End of Evangelion box cover

© 1997 Gainax / Project Eva / TV Tokyo

Info

Available on VHS and DVD from Manga Entertainment.
Movie
90 minutes
Science Fiction
Version I Watched: English dubbed
Objectionable Content: Graphic violence, nudity, sexual situations

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End of Evangelion

The original Neon Genesis Evangelion series ended on a sour note for many fans. What should have been a climactic, pivotal conclusion to the series was reduced to a convoluted sequence of meandering dialogue and recycled animation. It marked a dramatic departure from events leading up to the finale, and, suffice to say, many fans were sorely disappointed. In response, writer/director Hideaki Anno and the rest of the Evangelion staff produced two replacement episodes entitled "Air" and "Sincerely Yours". Together, they form End of Evangelion and represent a more complete finale that fans had expected. Whether it lives up to expectations is another story entirely.

End of Evangelion picks up after the events of episode 24 of the television series. NERV has beaten back the Angel invasion, but faces a new threat in the form of the mysterious Seele organization. With the Angel threat over, NERV has become expendable in the eyes of Seele. Furthermore, Seele plans to initiate Third Impact themselves, but to do so they need the Evangelion units. To get those, they'll have to penetrate NERV headquarters itself. And, boy, do they ever.

End of Evangelion leapfrogs almost immediately into an extended action sequence, featuring a climactic showdown between NERV and the Japanese Self Defense Force (JSDF) operating at the whim of Seele. The attack initially begins as an attempted computer hack on the Magi system, NERV's trio of super computers. When that fails, the physical assault goes into full swing, with ground forces ruthlessly pounding the NERV facility. It doesn't take long before NERV's defenses succumb to the might of the JSDF.

Now, one might question why NERV crumbles so quickly to the JSDF, when they've successfully beaten back some of the deadliest beings known to mankind. The answer, however, should be surprisingly obvious. NERV was designed to withstand giant singular beings equipped with unconventional methods of attack, not conventional highly mobile ground forces. In addition, there's the matter of NERV's primary defenses, the Evangelions, still offline from previous battles with the Angels.

Which brings us to the focus of the Evangelion saga—the Evangelion pilots. Shinji, distraught from his encounter with the 17th Angel and the current condition of Asuka, has suffered a complete mental breakdown and retreated into an emotional shell. Misato vainly tries to motivate him, and only manages to break through his wall of indifference in a memorable scene that is to sure to make at least one fan uncomfortable. Of course, once Shinji has found his resolve, a bitter irony awaits him at his Evangelion. But such is Shinji's life, for even when he tries to do the right thing, fate has other plans. Asuka remains in a coma, still suffering the effects of her encounter with the 16th Angel. NERV sends her and her Evangelion to the bottom of the lake outside the base in a last-ditch attempt to keep the JSDF forces from killing her. She eventually wakes and undergoes a complete emotional transformation upon having an epiphany about her Eva. Her zeal, upon realizing this truth, lends itself well to the ensuing conflict and is in marked contrast to Shinji's melancholy attitude. Then there's Rei. At least, I think it's Rei. It's difficult to say who, let alone what she is, as her pivotal role in the series comes to fruition.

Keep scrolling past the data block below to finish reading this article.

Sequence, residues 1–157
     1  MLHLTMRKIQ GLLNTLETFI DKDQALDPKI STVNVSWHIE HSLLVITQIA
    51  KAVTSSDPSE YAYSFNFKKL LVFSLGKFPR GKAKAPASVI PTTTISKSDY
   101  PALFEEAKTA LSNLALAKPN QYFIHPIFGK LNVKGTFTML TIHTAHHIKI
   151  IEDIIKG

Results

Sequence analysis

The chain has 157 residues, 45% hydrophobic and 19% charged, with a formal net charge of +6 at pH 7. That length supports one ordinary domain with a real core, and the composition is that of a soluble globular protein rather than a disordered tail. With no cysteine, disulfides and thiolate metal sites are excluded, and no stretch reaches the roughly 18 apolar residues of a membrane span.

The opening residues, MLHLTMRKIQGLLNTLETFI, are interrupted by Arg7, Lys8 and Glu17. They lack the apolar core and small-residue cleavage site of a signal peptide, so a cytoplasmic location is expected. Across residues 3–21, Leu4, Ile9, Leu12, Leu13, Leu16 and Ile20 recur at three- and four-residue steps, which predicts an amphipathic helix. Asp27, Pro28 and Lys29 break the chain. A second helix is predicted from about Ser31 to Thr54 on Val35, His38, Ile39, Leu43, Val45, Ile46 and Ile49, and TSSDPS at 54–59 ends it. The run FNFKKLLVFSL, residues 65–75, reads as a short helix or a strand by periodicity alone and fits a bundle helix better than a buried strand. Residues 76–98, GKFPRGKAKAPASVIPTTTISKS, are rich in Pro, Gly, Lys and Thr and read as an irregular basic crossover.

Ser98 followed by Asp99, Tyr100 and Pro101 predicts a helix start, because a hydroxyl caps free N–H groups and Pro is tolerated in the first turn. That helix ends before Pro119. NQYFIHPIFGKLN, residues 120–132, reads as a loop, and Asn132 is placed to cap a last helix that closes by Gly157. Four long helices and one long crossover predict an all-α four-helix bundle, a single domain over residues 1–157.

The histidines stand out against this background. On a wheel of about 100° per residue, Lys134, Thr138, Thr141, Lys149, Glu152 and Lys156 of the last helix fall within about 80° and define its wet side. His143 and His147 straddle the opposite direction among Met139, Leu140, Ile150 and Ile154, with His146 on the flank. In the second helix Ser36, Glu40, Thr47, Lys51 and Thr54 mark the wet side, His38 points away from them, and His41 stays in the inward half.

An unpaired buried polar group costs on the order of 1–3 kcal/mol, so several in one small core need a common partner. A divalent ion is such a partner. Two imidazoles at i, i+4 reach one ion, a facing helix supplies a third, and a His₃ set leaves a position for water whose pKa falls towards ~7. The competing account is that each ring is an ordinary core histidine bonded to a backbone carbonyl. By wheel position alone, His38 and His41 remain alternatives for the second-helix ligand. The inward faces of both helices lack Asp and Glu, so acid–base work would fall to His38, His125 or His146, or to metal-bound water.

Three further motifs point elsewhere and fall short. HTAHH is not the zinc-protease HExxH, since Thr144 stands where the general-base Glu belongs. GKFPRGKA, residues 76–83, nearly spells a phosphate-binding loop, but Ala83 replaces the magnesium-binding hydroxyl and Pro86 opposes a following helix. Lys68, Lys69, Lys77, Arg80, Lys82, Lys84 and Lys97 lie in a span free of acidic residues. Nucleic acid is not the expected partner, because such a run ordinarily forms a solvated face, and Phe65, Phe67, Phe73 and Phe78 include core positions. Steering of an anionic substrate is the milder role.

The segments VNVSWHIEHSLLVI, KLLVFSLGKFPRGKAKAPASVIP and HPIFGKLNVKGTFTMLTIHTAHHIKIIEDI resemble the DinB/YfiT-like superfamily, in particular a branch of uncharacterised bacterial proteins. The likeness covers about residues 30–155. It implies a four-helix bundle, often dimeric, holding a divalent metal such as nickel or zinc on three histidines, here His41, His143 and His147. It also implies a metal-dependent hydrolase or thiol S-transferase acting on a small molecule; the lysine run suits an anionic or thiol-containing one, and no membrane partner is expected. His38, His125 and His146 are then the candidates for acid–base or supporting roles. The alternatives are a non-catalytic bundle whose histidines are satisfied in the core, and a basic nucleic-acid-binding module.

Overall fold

Eventually, Third Impact is finally realized. You knew it was coming. It ended the television series and so it ends here in similar fashion. But now there is no need to recycle old footage from the television series. Instead, we are given a few brief, but meaningful scenes as Shinji is forced to confront his emotional turmoil head-on. These are intercut with the continued events of the real world, depicting humanity's fate. In addition, there are some questionable uses of live-action shots, primarily of an auditorium (perhaps representative of the Evangelion audience). Ultimately, the entirety of the Evangelion saga is realized and Shinji decides the future fate of mankind. And so it ends, leaving the audience to ponder what just happened, and leaving just as many questions, if not more, as the original series.

From a technical standpoint, Evangelion is a step-up from the television series. Animation ranges from mediocre to great, particularly in depicting Asuka and her Eva unit battling the JSDF forces. Music is equally good, with some recycled themes from the television series with new musical scores made for this feature. Fans of the dubbed cast of Evangelion will be happy to hear all the cast members back in their familiar roles. Collectively, they turn out a solid performance, especially Tiffany Grant in the role of Asuka and Spike Spencer as Shinji.

End of Evangelion is probably best viewed immediately after watching the first 24 episodes of the television series, with the events of the Evangelion saga still fresh in the minds of the audience. It serves as a fitting punctuation to the series; a monument to the action, drama, and mystery that has enthralled so many fans. A very suitable end of Evangelion.

The Verdict: * * * * (good)


   

End of Evangelion image
End of Evangelion image
End of Evangelion image
End of Evangelion image
End of Evangelion image
End of Evangelion image

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